‘Deep, dull’ ache in lower back could signal cancerous tumours

Prostate Cancer UK highlights latest treatment innovations

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Many people suffer from back pain. Whether mild pain, linked to not sitting properly, or more severe, caused by an injury or disability, it can make everyday activities difficult. However, sometimes it could signal something more “sinister”.

Head of chiropractic and clinical director at Core Clinics, Doctor Stefaan Vossen, spoke with Express.co.uk to explain further.

“Back pain is a very common problem and a leading cause of disability and days off work. In the vast majority of cases, back pain is not a medical emergency or a sign of anything sinister,” he said.

“In some cases, however, back pain, along with other symptoms, can require urgent investigation to rule out emergency or sinister causes.”

He specifically warned that back pain that comes with other noticeable changes could signal some kind of cancer.

“Back pain accompanied by changes in bowel or bladder control, or erectile dysfunction and a gradual progression of a deep, dull ache in the lower back/abdominal area, especially if accompanied by changes in bowel or bladder function lasting more than a week, or by erectile function changes, should be investigated urgently,” he said.

“These symptoms can result from tumours (benign or malignant) in the abdominal organs (such as the uterus, kidneys and prostate).

“Kidney stones can also produce similar symptoms and again early diagnosis and treatment is required.”

He added: “If you have any concerns regarding back pain, or any of the symptoms mentioned above, you should always seek medical assistance from an appropriate healthcare professional.”

The NHS states that “common” signs of womb (uterus) cancer include:

  • Bleeding or spotting from the vagina after the menopause
  • Heavy periods from your vagina that is unusual for you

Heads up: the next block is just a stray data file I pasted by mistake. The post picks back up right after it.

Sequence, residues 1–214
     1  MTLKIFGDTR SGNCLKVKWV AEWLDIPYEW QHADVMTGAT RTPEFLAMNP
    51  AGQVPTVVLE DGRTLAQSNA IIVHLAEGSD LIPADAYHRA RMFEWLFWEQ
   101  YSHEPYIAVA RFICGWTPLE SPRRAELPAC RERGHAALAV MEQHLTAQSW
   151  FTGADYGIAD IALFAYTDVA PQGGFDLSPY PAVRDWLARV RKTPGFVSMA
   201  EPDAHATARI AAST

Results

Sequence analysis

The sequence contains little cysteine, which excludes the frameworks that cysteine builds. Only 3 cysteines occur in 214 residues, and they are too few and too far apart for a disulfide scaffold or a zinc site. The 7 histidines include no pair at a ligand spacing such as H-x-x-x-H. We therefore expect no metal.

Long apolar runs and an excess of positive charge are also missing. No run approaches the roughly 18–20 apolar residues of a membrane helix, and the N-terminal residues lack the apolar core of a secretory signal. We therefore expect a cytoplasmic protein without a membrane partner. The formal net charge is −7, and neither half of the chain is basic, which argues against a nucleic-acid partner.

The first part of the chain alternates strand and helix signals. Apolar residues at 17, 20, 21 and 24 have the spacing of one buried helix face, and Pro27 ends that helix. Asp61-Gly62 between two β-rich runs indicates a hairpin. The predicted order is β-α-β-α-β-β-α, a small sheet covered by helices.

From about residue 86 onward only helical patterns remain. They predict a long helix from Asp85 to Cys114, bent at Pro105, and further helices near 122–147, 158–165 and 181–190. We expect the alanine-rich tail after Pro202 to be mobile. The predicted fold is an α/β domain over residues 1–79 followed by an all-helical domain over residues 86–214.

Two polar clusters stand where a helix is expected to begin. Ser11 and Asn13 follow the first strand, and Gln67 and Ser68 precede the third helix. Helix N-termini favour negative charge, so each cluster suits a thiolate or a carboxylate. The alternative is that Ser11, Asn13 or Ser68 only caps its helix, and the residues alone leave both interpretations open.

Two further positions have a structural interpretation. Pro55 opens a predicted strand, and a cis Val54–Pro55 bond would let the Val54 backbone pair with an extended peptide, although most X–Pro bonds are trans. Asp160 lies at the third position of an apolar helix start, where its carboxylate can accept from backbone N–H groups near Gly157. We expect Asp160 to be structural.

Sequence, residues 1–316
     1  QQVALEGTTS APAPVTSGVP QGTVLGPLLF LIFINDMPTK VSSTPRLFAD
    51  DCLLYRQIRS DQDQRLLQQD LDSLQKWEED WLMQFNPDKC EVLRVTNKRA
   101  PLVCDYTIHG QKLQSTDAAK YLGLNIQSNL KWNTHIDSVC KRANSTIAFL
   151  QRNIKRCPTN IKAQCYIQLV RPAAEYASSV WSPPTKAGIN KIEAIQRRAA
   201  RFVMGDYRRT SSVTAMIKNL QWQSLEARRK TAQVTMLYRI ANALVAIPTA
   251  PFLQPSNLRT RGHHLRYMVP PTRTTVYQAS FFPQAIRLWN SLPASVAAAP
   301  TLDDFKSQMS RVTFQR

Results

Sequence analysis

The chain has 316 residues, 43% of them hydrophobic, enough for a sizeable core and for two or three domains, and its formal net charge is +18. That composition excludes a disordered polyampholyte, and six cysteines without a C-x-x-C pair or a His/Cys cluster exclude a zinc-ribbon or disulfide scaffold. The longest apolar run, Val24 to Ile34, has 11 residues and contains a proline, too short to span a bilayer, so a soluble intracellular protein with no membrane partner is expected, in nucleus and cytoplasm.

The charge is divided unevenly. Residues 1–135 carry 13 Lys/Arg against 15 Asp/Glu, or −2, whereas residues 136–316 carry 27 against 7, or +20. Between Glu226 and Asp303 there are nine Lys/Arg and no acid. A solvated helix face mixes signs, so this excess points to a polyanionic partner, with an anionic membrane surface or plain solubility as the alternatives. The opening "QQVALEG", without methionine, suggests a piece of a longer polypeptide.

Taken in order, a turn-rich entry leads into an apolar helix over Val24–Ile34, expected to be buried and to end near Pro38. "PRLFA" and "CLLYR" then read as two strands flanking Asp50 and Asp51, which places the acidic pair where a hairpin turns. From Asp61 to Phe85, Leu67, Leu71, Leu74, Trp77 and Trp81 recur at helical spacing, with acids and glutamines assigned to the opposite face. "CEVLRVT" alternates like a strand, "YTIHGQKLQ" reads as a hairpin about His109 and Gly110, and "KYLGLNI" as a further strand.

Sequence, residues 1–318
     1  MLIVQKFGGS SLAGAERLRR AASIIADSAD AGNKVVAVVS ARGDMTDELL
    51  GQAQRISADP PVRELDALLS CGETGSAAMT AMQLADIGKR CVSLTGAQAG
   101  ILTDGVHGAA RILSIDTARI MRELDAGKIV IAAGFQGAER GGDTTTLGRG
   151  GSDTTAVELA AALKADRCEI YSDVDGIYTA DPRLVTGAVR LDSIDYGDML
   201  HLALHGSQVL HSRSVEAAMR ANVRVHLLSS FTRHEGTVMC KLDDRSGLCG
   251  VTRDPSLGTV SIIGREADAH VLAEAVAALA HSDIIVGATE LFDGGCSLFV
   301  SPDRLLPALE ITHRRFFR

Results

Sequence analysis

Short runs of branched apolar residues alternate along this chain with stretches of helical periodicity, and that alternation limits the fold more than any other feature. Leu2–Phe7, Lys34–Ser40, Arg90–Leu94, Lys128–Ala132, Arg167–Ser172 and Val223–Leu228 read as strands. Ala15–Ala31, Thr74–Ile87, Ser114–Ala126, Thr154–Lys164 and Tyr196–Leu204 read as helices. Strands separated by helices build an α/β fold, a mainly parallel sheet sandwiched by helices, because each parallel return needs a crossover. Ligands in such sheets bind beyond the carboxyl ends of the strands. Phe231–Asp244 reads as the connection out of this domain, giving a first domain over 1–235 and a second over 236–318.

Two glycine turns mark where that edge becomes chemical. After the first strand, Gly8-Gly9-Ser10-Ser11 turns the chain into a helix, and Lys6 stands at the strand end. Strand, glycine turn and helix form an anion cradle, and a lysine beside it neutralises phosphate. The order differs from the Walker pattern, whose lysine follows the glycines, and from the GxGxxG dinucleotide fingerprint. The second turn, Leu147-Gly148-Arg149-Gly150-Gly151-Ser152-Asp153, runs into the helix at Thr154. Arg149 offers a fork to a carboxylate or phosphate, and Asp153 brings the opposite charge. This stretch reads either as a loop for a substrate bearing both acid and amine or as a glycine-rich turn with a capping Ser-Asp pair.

• Vaginal bleeding between your periods
  • A change to your vaginal discharge.

However, it also recognises pain in the lower back as a symptom, as well as:

  • A lump or swelling in your tummy or between your hip bones (pelvis)
  • Pain during sex
  • Blood in your urine.

Regarding kidney cancer, the NHS says “a persistent pain in your lower back or side, just below your ribs” is one warning sign.

Other symptoms of this cancer include:

  • Blood in your urine
  • A lump or swelling in your side (although kidney cancer is often too small to feel)
  • Extreme tiredness
  • Loss of appetite and unintentional weight loss
  • Persistent high blood pressure
  • A high temperature
  • Night sweats
  • In men, swelling of the veins in the testicles
  • Swollen glands in your neck
  • Bone pain
  • Coughing up blood.

Some of these symptoms can resemble the signs of “larger” kidney stones.

Kidney stones occur when waste products in the blood form crystals that collect in the kidneys.

These crystals can then build up to form a hard lump.

Signs of this include:

  • Pain in the side of your tummy (abdomen) or groin – men may have pain in their testicles
  • A high temperature
  • Feeling sweaty
  • Severe pain that comes and goes
  • Feeling sick or vomiting
  • Blood in your urine
  • Urine infection.

Prostate cancer is one of the most common types of cancer among men in the UK, accounting for more than 50,000 new diagnoses a year

Symptoms might not appear until the cancer has grown “large” and put pressure on the urethra.

As well as back and bone pain, signs can include:

  • Needing to urinate more frequently, often during the night
  • Difficulty in starting to urinate (hesitancy)
  • Straining or taking a long time while urinating
  • Weak flow
  • Feeling that your bladder has not emptied fully
  • Blood in urine or blood in semen.

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